Monday February 06, 2023

Punjab taking steps for trageted industrial growth

February 08, 2017

LAHORE: Concerned over slow industrialization around Lahore despite having the best infrastructure in the country, the Punjab government wasted no time in finding out and getting rid of bureaucratic hurdles. In addition, it also allocated 65,000 acres of land for industrial development. That’s a growth-oriented move.

Growth around the world is tied to the local bureaucracy’s vision-driven prudence. Industrialization, particularly, is triggered by cumulative facilitation by the local, provincial and federal governments. A bad decision by any one of the decision-makers is enough to discourage the prospective investors. Globally, more than 70 percent of the wealth is generated in cities with top class road, rail, and telecommunication connectivity. 

The infrastructure in and around Lahore has been being constantly upgraded for the last eight years. Though, more industries were established around the city during this period then the rest of Pakistan, still it was much lower than the industrialization in cities around the world with comparable infrastructure. It was perhaps due to country’s poor image and also due to unjustified bureaucratic hurdles.

Lately, the chief minister of Punjab summoned the high-ups of Lahore Development Authority (LDA), President Lahore Chamber of Commerce and Industry (LCCI), and top bureaucrats from the provincial ministry of industries to unchoke the bottlenecks in the way of industrialization. The meeting discovered that it is the LDA, which is pouring cold water on investors’ confidence after having its jurisdiction extended to far-flung areas in the outskirts Lahore. These areas became easily accessible after Lahore Ring Road seamlessly connected the industrial and residential estates to city centers. A number of manufacturing units were built here about three to five decades back. However, the LDA’s humongous commercialization fees weighed much too heavy on the industrialists morale.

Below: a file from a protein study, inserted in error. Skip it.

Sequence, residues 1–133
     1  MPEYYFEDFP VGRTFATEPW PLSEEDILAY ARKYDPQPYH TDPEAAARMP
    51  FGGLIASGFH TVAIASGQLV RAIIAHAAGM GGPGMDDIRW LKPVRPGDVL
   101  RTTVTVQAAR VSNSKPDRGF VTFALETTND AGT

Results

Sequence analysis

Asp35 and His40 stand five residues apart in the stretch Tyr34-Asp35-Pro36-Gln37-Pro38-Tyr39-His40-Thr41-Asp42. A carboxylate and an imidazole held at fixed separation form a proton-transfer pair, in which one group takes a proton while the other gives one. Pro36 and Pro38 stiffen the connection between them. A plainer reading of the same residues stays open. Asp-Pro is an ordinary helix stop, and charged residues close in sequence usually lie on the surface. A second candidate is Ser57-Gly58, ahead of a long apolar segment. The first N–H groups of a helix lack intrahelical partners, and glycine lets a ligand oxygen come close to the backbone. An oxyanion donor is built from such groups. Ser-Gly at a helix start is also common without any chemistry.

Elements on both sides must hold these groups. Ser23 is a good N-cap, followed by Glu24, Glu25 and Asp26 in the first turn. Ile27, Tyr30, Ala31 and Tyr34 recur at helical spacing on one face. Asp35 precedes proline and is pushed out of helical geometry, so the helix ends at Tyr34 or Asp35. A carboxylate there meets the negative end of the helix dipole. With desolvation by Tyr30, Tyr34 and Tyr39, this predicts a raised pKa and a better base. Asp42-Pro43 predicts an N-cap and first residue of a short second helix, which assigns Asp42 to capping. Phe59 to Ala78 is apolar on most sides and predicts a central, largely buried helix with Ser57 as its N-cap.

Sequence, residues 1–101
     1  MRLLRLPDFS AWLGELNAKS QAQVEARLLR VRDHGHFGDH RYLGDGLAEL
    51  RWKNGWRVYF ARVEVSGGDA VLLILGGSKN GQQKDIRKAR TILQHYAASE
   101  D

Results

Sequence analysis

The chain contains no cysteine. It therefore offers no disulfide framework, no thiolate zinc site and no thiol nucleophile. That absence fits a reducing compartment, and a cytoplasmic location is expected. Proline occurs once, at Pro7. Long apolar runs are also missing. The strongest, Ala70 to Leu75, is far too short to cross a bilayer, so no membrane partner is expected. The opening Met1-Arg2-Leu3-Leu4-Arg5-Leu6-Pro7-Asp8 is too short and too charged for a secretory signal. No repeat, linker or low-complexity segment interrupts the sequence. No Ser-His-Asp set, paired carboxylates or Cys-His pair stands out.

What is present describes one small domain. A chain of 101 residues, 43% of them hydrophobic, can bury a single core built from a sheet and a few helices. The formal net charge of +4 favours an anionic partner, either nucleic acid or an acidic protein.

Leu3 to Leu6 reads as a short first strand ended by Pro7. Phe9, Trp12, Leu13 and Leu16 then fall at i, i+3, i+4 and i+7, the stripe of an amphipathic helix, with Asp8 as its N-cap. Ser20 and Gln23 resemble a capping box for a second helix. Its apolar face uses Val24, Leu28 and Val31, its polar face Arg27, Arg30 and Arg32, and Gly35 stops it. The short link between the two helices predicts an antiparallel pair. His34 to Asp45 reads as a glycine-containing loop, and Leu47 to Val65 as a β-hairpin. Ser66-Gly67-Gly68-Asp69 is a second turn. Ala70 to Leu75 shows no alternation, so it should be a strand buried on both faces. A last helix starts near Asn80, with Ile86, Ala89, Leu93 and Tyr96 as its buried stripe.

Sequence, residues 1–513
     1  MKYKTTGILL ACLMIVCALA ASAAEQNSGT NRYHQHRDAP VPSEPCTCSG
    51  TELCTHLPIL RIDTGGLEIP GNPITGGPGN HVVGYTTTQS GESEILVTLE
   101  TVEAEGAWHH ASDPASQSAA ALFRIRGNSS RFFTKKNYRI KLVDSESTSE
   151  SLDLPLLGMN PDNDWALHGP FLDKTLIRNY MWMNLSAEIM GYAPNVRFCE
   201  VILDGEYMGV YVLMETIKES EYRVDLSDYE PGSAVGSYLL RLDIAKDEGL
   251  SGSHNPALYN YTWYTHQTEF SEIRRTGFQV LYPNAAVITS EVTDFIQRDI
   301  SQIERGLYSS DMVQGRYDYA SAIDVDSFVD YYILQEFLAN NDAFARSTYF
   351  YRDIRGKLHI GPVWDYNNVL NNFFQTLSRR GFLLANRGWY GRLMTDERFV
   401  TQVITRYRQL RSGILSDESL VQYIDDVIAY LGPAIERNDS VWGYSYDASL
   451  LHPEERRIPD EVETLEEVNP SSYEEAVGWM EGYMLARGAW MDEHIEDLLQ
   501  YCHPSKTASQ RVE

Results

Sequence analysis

These industrialists were the prospective investors for new units. Instead of promoting it the LDA demoted industrial development by creating an atmosphere of distrust. The businessmen were justified taking it as an attack on their profitability as well as plans of growth. These industries were established decades back in unpeopled areas with the approval of industries department. They have been paying taxes for decades and all of a sudden the LDA declared these areas residential.

Baffled businessmen mounted their protest through media and Lahore Chamber. CM Punjab took no time in resolving the matter at the same meeting. The industries were allowed to operate but advised to address health and environmental concerns, if any, within three years.

The industrialists said that they would preferentially like to set up industries in the suburbs of Lahore because of infrastructural facilitates and easy transport of workers through Metro, Ring Road, and under construction Orange Railway line. The businessmen also requested the government of Punjab to declare land lying vacant around the already established industries as industrial zone. They pointed out that industrialization around border areas would be risky as it would be across River Ravi, which floods frequently during heavy rains. The expansion was possible at Raiwind-Chunian-Sundar area on one side and along Shiekhupura Road on the other.

Out of 100,000 acres of land identified by the LCCI in these areas, the CM approved 65,000 acres for industrial development for the time being.

This expanse of land is over ten times the area occupied by existing industries in and around Lahore. However, developing this huge area through public funds would not be possible. That’s where Punjab Industrial Estates Development and Management Company, which has so far built around eight estates, will come in handy. The company to its credit also has Sundar Industrial Estate project that it got off the ground with the help of seed money from Punjab government. After the development of infrastructure, the industrial plots were sold to intending industrialists generating enough money to launch Multan I and then Multan II. The funds raised from these two projects were invested to launch Rahim Yar Khan, Layyah and Bhalwal Industrial estates. The company is also expediting work on Quaid-e-Azam Apparel Pak at Shiekhupura. It has still got enough reserves to acquire and develop a few new industrial zones.

Experts say it would take at least a decade to develop the entire 65,0000 acres of industrial land but enough zones would be developed to fulfill the immediate needs of the entrepreneurs. If the entire allocated area is developed Lahore would become the largest industrial city of the country.